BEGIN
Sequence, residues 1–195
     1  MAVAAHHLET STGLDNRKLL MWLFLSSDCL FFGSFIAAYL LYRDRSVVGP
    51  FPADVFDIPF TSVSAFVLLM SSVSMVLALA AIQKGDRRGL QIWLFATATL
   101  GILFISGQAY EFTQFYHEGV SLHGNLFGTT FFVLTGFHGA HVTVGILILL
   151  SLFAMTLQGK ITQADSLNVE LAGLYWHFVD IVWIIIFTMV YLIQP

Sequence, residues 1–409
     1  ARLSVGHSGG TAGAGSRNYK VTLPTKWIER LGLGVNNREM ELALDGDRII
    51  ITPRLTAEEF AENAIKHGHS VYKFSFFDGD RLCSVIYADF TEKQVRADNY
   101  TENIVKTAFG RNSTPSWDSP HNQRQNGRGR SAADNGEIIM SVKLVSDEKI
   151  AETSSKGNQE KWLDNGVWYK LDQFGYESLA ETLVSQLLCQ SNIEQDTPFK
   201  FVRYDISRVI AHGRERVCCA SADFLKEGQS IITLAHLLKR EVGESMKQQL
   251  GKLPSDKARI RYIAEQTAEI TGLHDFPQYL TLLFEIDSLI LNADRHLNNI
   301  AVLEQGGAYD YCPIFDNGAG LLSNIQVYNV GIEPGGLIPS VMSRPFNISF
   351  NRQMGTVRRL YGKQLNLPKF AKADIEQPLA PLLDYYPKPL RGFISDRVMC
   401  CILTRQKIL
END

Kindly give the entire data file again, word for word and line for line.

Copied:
Sequence, residues 1–195
     1  MAVAAHHLET STGLDNRKLL MWLFLSSDCL FFGSFIAAYL LYRDRSVVGP
    51  FPADVFDIPF TSVSAFVLLM SSVSMVLALA AIQKGDRRGL QIWLFATATL
   101  GILFISGQAY EFTQFYHEGV SLHGNLFGTT FFVLTGFHGA HVTVGILILL
   151  SLFAMTLQGK ITQADSLNVE LAGLYWHFVD IVWIIIFTMV YLIQP

Sequence, residues 1–409
     1  ARLSVGHSGG TAGAGSRNYK VTLPTKWIER LGLGVNNREM ELALDGDRII
    51  ITPRLTAEEF AENAIKHGHS VYKFSFFDGD RLCSVIYADF TEKQVRADNY
   101  TENIVKTAFG RNSTPSWDSP HNQRQNGRGR SAADNGEIIM SVKLVSDEKI
   151  AETSSKGNQE KWLDNGVWYK LDQFGYESLA ETLVSQLLCQ SNIEQDTPFK
   201  FVRYDISRVI AHGRERVCCA SADFLKEGQS IITLAHLLKR EVGESMKQQL
   251  GKLPSDKARI RYIAEQTAEI TGLHDFPQYL TLLFEIDSLI LNADRHLNNI
   301  AVLEQGGAYD YCPIFDNGAG LLSNIQVYNV GIEPGGLIPS VMSRPFNISF
   351  NRQMGTVRRL YGKQLNLPKF AKADIEQPLA PLLDYYPKPL RGFISDRVMC
   401  CILTRQKIL